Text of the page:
2016 has been a good year for Altria Group (NYSE:MO), with the stock having produced total returns of about 15% since the beginning of the year. Even though the company has continued to deal with the long-term secular downtrend in smoking, Altria has been able to balance judicious price increases with trying to keep demand as strong as possible, and its bottom line has benefited as a result. Yet even though most investors focus on the tobacco business and its huge impact on the company, Altria's best move in 2016 actually came from outside of that core industry. Let's take a look at the impact that the SABMiller merger with Anheuser-Busch InBev (NYSE:BUD) had on Altria and why the way the tobacco giant handled the transaction made it one of the company's best moves all year.

Image source: SABMiller.

Altria, this Bud's for you

Altria's history with SABMiller goes back to the beginning of the beer-maker's current incarnation. Prior to 2002, Altria, which was then known as Philip Morris, owned Miller Brewing. The tobacco giant sold the beer unit to South African Breweries, taking in exchange a roughly 36% stake in the newly created SABMiller. Over time, that stake decreased slightly, but at the time of the merger, Altria still retained about 27% of SABMiller's equity.

In November 2015, Anheuser-Busch InBev announced a firm offer to buy SABMiller in a deal worth about $107 billion. The beer company proposed to pay most investors cash for their SABMiller shares, but that would have created tax difficulties for major shareholders like Altria. Therefore, A-B InBev chose to offer Altria a stock-based alternative, the end result of which would be for Altria to own about 10.5% of the post-merger A-B InBev and also receive about $2.5 billion in cash. The stock component of the deal would help Altria avoid having to recognize capital gains on the sale, and the five-year restriction on trading the shares obtained in the merger didn't pose any concern to Altria given the nature of its long-term investment in the beer industry.

Throughout much of 2016, Anheuser-Busch InBev got the necessary approvals for its SABMiller takeover. The Brexit vote to leave the European Union caused some currency issues that hurt the value of the cash offer for U.K.-based SABMiller, but a renegotiated offer satisfied shareholders enough so that they approved the deal, which was finalized in October.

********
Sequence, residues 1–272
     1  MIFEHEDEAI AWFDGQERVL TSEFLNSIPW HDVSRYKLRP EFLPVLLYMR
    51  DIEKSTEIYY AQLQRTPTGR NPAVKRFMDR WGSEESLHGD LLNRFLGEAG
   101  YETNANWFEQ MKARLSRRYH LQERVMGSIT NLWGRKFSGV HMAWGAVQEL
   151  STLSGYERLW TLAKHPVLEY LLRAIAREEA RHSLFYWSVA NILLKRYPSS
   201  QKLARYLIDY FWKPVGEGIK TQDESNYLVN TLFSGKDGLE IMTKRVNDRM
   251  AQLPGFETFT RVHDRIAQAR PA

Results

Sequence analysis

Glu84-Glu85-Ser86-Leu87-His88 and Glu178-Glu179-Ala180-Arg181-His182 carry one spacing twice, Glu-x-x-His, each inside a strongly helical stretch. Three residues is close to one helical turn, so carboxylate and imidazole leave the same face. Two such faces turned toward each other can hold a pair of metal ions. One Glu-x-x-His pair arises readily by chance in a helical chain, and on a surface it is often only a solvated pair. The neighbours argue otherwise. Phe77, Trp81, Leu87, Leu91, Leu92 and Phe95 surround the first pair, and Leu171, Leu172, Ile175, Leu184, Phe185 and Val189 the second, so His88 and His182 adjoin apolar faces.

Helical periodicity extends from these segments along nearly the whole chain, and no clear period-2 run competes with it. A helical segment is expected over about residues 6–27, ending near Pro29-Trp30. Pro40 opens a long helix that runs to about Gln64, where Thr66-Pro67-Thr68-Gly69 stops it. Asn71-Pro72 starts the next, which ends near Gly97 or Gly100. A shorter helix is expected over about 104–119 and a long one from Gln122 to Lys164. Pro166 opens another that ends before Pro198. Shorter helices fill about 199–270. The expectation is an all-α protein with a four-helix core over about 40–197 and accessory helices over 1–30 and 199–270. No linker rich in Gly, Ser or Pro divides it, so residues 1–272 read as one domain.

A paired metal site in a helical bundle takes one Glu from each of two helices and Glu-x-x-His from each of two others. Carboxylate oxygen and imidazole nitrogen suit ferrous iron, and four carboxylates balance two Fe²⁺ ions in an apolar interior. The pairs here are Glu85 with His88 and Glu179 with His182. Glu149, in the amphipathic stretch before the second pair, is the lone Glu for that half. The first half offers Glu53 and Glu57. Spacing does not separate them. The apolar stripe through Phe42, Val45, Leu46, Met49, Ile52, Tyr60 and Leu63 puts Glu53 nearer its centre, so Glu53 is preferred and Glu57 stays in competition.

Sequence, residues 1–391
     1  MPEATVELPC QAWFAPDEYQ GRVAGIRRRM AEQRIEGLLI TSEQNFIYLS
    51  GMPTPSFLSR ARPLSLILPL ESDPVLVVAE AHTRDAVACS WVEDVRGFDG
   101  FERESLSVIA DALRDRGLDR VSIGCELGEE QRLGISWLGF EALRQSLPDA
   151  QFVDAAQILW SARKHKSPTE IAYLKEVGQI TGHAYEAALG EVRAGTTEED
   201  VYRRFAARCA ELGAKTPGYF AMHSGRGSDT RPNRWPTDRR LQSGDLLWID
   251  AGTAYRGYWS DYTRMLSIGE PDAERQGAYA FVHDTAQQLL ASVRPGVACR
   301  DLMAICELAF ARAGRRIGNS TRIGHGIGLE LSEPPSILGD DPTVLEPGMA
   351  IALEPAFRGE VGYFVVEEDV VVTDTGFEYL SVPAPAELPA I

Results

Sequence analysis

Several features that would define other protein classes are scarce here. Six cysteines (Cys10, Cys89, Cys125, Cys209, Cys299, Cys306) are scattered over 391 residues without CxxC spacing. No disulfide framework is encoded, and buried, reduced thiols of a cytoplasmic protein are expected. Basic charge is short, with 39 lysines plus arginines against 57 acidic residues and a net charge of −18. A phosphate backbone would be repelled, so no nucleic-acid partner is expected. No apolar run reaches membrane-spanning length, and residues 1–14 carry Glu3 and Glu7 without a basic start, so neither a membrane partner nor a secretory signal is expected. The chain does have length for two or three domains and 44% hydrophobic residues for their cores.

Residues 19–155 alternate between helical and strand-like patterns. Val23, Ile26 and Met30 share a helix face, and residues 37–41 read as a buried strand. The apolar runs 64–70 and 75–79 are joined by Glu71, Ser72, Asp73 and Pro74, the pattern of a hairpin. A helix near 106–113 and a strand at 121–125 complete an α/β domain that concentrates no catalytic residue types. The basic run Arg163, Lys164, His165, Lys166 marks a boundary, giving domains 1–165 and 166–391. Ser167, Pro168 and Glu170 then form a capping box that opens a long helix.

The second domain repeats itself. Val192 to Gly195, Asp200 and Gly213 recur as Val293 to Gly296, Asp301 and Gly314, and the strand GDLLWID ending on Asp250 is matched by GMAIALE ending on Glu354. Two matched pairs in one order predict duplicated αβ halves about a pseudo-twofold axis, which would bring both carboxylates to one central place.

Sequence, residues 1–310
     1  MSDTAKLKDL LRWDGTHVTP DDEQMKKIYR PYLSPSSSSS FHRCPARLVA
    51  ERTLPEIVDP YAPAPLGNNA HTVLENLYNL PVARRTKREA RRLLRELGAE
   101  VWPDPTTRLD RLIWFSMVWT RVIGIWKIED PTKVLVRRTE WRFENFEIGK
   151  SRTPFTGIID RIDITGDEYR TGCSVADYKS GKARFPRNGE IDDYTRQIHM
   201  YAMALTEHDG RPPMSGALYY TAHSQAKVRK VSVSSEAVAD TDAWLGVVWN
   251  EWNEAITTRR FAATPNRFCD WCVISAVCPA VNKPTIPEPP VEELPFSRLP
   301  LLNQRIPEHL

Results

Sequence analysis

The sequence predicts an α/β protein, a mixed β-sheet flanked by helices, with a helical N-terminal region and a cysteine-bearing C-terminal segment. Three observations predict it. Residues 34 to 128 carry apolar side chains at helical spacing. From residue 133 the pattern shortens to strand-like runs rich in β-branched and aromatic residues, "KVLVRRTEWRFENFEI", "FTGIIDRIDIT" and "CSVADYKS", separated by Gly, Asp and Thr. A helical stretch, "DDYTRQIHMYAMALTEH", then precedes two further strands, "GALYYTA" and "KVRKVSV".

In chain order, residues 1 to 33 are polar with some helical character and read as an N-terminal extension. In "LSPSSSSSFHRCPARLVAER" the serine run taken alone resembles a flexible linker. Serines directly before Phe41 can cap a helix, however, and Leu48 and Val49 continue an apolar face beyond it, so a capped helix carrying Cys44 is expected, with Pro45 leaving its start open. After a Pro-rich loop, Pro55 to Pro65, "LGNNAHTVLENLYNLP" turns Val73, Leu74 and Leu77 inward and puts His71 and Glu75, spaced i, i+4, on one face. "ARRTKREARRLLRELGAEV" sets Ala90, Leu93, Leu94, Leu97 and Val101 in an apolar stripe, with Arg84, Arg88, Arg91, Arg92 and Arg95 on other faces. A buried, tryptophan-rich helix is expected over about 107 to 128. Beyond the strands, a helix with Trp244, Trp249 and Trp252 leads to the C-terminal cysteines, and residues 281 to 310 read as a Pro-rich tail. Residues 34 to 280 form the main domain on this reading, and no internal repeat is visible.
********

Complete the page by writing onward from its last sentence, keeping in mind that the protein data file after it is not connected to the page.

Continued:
What Altria ended up with from the deal

A few wrinkles in the way the merger took final shape left Altria in a slightly different position than it initially expected. Anheuser-Busch InBev made the stock-based alternative available to all investors, and due in part to the currency impacts, even some small shareholders chose to take stock. That left less stock available for Altria, so in the final tally, the tobacco giant took a 9.6% stake in A-B InBev, along with a larger-than-expected $5.3 billion cash component.

Some companies might have simply accepted that result. But Altria correctly identified that it needed to boost its equity position in A-B InBev above the 10% mark in order to benefit from favorable accounting for its stake in the beer business. Therefore, it took about $1.6 billion of that cash and used it to purchase 12 million shares of A-B InBev on the open market. By doing so, Altria's raised its stake to 10.2%. That will allow the company to get foreign tax credits related to taxes on the dividend income it receives from A-B InBev in the future.

Looking forward, Altria fully expects to keep reaping rewards from its stake in Anheuser-Busch InBev. Company executives are pleased that they successfully managed to maximize the value of their SABMiller ownership in the merger, and they fully believe the beer giant's growth prospects and positive results will contribute to Altria's overall success in the future. Given the global strength of A-B InBev as one of the world's largest consumer packaged goods companies, Altria will have opportunities to take advantage of its new partnership that could help its entire business in the years to come.

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